Finally, there was also a lot of noise about the big telecoms coming out in favour of copyright reform. Dr Geist writes of the Business Coalition for Balanced Copyright:

"it appears that business, education, consumer, and many creator groups are moving toward a consensus around Canadian copyright policies that would meet the requirements of the World Intellectual Property Organization's Internet treaties, preserve consumer rights over their personal property, and provide Internet and technology companies with a legal framework that fosters greater innovation."

If that end result was the actual and only end result of copyright reform, then I think Geist wouldn't have to put the qualifier "many" in front of "creator groups." I don't know that the approximately 100,000 professional Canadian creators (not covered by Geist's "many"), who are dependent on their creative work for their entire livelihoods, are at all surprised that businesses in the business of selling access are positioning themselves against copyright holders. We're kind of used to that.

How many in a "many," btw?

9 comments:

Geof said...

"are coursepacks really $50? Does AC get $50 per coursepack to distribute back to the creators and publishers?"

Only the cheap coursepacks are $50. I have paid up to $189. That one has perhaps 900 pages (43 articles at say 20 pages each). If it were a real book, the price might not be so far out of line. But it's not a real book. It's a bound collection of photocopies, many of them poorly reproduced or marred by highlighting, underlining, and missing text. There are no pages numbers for finding individual articles. But what really hurts is the explanation that the pack was produced

"under license from Access Copyright and other copyright holders. Any further resale or copying is strictly prohibited. No Refunds or Exchanges."

I have read that this is not true: that there are no grounds for preventing resale. But the university and student bookstores enforce this regardless, effectively doubling or tripling the cost. Multiply that by several courses, add in regular textbooks... pretty soon you're talking about real money.

Some professors try to protect their students, e.g. by distributing photocopies or by placing books on short-term reserve at the library so that students can make the photocopies themselves for a fraction the price.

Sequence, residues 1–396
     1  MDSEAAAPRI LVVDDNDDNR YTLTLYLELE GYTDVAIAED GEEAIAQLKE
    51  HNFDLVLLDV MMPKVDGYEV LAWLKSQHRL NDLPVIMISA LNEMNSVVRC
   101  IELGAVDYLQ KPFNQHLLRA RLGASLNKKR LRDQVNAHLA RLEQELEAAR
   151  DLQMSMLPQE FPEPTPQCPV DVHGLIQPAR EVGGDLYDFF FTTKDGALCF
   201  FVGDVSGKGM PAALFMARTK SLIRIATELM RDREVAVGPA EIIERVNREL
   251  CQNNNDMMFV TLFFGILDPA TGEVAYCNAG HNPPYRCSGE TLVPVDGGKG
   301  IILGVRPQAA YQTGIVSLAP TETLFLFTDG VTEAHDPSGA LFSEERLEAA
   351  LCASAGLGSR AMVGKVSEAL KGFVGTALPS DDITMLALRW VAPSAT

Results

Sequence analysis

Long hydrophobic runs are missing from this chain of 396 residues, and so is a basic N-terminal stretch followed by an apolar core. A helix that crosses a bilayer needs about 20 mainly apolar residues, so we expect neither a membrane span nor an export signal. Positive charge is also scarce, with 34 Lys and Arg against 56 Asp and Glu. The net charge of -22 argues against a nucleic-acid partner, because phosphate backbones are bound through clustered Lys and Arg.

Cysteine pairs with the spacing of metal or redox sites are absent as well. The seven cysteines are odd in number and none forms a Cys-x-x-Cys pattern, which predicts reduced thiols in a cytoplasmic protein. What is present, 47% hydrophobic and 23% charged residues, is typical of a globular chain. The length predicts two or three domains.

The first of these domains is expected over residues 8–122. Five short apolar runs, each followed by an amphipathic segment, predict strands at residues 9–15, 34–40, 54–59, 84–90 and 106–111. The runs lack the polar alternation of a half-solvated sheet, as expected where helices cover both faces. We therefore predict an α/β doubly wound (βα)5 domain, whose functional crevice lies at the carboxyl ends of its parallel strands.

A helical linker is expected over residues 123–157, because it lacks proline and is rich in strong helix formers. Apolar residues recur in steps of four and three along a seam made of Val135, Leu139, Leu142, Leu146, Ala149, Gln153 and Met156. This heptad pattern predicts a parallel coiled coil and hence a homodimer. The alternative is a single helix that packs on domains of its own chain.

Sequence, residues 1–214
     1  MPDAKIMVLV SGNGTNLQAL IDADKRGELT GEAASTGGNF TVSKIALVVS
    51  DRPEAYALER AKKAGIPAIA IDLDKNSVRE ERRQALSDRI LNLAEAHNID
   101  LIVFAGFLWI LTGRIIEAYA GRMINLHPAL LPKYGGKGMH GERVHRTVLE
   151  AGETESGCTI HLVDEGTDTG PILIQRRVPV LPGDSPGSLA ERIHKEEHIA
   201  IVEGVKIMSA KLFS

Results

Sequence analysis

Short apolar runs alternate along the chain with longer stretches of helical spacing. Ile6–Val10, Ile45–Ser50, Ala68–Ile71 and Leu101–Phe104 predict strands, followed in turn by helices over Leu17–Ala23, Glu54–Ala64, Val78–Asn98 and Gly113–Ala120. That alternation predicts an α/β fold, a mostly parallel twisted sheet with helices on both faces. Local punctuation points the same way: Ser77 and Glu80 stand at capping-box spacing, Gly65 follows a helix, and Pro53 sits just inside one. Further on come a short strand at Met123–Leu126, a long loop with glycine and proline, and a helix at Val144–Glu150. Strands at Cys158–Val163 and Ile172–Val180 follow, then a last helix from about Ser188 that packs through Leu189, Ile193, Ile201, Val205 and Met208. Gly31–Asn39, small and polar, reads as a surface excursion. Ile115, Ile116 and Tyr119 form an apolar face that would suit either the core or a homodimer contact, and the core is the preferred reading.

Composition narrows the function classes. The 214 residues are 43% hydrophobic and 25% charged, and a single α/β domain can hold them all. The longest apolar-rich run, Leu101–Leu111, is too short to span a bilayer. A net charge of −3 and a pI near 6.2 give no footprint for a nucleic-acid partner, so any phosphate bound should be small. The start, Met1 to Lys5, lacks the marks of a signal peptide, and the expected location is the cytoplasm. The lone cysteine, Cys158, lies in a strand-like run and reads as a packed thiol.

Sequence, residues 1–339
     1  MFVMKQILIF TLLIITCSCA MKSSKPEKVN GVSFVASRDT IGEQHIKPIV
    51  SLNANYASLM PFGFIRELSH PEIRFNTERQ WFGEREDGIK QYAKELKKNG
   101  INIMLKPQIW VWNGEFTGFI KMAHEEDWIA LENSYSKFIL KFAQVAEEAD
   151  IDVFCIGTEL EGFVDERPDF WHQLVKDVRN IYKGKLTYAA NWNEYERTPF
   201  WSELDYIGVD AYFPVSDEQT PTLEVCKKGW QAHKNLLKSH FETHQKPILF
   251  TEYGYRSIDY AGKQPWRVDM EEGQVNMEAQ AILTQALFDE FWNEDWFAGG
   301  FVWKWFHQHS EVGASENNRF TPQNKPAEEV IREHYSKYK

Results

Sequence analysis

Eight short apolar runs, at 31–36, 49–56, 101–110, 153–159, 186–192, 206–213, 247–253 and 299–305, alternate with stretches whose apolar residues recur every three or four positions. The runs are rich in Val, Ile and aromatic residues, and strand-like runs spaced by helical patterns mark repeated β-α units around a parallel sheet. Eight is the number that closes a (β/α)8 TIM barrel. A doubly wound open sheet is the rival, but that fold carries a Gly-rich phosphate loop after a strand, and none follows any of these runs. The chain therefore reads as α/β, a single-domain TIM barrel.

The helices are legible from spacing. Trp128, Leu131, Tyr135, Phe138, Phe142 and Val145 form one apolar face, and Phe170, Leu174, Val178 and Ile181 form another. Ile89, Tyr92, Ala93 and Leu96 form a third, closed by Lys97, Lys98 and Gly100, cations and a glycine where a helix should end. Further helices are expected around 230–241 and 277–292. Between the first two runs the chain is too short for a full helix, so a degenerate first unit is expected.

John said...

Geof,

You won't get an argument out of me against the idea that post-secondary education in Canada is expensive. I've been through the student-debt meat grinder myself, on a writer's salary.

I guess I'm confused why it's only the reasonable license fees funneled back to the original creators and publishers of the valuable texts you use in your education that cause you pain.

Writers and publishers have not determined the $189 cost of your very expensive coursepack. Whoever made the decision to use a coursepack in the first place is as great a contributor to that cost.

Obviously, the digital age is going to remove much of these heavy, physical, paper-and-toner costs from the average student -- but why does that mean the cost of licensed use of valuable educational materials (benefiting from heavy investment by writers and publishers) should also be removed? They are separate things.

I would be very interested to see if the average cost for a degree goes down after the age of coursepacks. Do you think the cost would go down if educators got their Publicly Available Material exception to copyright?

I commend the profs who try to protect their students in the way you have suggested, because the photocopying you will do of that reserved book is covered by an Access Copyright license. Win win.

Don't blame AC for coursepacks. They didn't invent them.

Geof said...

I'm not making any claims about license fees or how much of that money goes to Access Copyright. I suspect it's quite a lot. But my focus was on the cost to students, not where the money goes. You asked whether coursepacks really cost $50. Since you're involved with Access Copyright, I thought it would be useful for you to understand what students pay and what they get for their money.

It makes sense that scholars are unconcerned with royalties. They aren't in the same boat as authors like yourself - they don't sell books or articles to make a living. For them, reputation and distribution are far more important than royalties; as it stands, copyright restrictions hinder these things. Many are moving to open access because it benefits them, the public, and scholarship at large.

The fact that AC collects fees for scholarly works but scholars don't get the money creates a legitimacy problem. But I don't think the solution is to start paying scholars: it is to open up the results of scholarly research and stop collecting money for it.

This should not undercut the legitimacy of Access Copyright for other works. As I said, academia operates under a different model. In other situations, compulsory licensing can be a good approach - though I haven't found you or the CCC persuasive in your arguments for educational licensing.